The Box Office staff sit and work so closely with each other—literally “elbow-to-elbow,” and their close-knit teamwork is key to the success of their department. They help each other, share workloads, and develop collective solutions to create meaningful improvements for patrons. Hearing the stories of patrons’ love of the Opera and their magical experiences with the art form are the moments that Rebecca particularly enjoys.

After the subscription renewal deadline passes on March 12, the real fun begins: seating! Full and half subscribers are guaranteed the same seats from year to year in the same series, but as seats become available the Box Office and Development Department work through a priority seating process to assign newly opened subscription seats. The tickets are then printed offsite in bulk and sent to the Opera House where they are arranged into packages by hand and mailed out in early August.


Some bittersweet memorabilia: tickets from the performance of Idomeneo on October 17, 1989, unused because it was the day of the Loma Prieta earthquake.

All of our seating is done electronically now using software that tracks ticket history, allows us to see who has checked into the house, shows how many seats have been sold, and so on. It was not that long ago when things were done rather more manually, as you can see from this hand-written ledger from the mid-1990s that tracked the financial deposits each night.

Tracking the money: a deposit leger from 1996.

Going back a little further, every single ticket for each performance used to be printed in advance and placed in a specific pattern in drawers in the box office—the “nest”. There was one drawer per performance and when there were no tickets in a drawer you knew you had a sell-out house. If tickets were turned back, they would be placed backwards in the drawer and literally “held” there, leading to the term “holds” for tickets that could be sold again. By no later than the first intermission, all of the unsold tickets would be counted up and a report prepared for former general director, Kurt Herbert Adler, who would come and inspect the report. Now I can see all of that information on a computer screen, but I rather like the idea of a more manual tradition!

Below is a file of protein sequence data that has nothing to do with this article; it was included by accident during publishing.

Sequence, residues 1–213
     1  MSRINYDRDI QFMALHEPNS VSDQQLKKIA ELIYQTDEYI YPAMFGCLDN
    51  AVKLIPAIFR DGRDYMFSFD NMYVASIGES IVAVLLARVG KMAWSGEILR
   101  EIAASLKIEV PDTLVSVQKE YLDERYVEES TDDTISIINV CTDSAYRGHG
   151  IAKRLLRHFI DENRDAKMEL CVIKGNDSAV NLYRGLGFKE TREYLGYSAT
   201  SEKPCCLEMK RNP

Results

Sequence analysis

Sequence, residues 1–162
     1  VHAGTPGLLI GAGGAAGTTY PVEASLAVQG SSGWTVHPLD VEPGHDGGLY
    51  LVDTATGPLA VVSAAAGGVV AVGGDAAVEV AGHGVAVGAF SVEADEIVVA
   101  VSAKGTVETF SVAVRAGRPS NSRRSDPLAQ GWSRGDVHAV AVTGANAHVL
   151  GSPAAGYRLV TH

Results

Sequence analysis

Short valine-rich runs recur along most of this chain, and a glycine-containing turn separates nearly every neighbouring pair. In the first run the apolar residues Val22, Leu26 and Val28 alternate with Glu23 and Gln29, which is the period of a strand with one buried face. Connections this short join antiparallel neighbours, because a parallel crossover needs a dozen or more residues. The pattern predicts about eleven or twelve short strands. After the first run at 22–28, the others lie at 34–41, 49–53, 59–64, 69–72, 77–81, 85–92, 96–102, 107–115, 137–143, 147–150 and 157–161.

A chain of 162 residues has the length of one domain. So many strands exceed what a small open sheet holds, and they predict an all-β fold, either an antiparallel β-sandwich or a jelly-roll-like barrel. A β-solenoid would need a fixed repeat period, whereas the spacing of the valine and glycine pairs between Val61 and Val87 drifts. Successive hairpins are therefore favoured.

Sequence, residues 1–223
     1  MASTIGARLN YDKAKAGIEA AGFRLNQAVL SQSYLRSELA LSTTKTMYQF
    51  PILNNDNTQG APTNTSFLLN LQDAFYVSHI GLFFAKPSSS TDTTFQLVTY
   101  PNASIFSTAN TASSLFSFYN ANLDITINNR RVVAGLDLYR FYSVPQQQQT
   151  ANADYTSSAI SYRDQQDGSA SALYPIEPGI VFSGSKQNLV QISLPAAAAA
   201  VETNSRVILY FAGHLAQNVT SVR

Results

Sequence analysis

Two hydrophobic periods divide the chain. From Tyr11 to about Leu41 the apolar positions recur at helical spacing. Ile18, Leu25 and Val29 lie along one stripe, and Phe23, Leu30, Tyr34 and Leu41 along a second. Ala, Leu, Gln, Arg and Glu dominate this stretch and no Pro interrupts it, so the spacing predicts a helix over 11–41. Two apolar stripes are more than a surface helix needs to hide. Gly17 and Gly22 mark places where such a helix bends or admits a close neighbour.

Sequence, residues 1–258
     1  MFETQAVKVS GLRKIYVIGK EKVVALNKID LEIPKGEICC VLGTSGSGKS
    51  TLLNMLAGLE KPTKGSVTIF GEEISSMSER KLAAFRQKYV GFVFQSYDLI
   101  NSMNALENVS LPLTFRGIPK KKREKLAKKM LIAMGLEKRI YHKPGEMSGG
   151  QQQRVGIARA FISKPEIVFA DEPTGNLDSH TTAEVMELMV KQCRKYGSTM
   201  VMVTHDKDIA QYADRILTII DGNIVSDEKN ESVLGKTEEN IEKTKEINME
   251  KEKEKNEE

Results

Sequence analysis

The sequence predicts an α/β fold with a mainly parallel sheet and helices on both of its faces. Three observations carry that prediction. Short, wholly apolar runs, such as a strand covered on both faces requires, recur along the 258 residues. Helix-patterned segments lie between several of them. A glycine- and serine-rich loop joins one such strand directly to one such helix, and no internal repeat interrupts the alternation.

A pricing chart from the 1932 opening season showing orchestra seats at $10, the last three balcony rows at $2, and 8-seat boxes at $500 for the whole box for the whole season.

Seating itself used to be done with early forms of post-it notes on plastic boards that overlaid seating maps of the house. These were tried and true processes that kept the Box Office working smoothly for decades prior to our current digital system and it’s wonderful to hear of the passion for detail and accuracy that was so necessary for these manual systems to succeed.

But, back to Rebecca and her colleagues in the modern Box Office. After months of working closely with colleagues in Marketing and IS to build the new season’s performances and packages, after testing everything on the website, after proofing printed materials, after checking prices, after ensuring that each performance is set up correctly and developing talking points for patrons, it’s finally time for that magical moment where the switch is flipped and we go live on a new season. We move from a mysterious world of secretive planning into a glorious time of sharing the new season with our audiences. As people think about which opera they would like to piece together into a subscription (hopefully all of them!), you can be sure that there is someone from one of the finest Box Offices in the world on the end of the phone, ready to make that season a reality.


A ticket from the grand opening night performance of the War Memorial Opera House in 1932.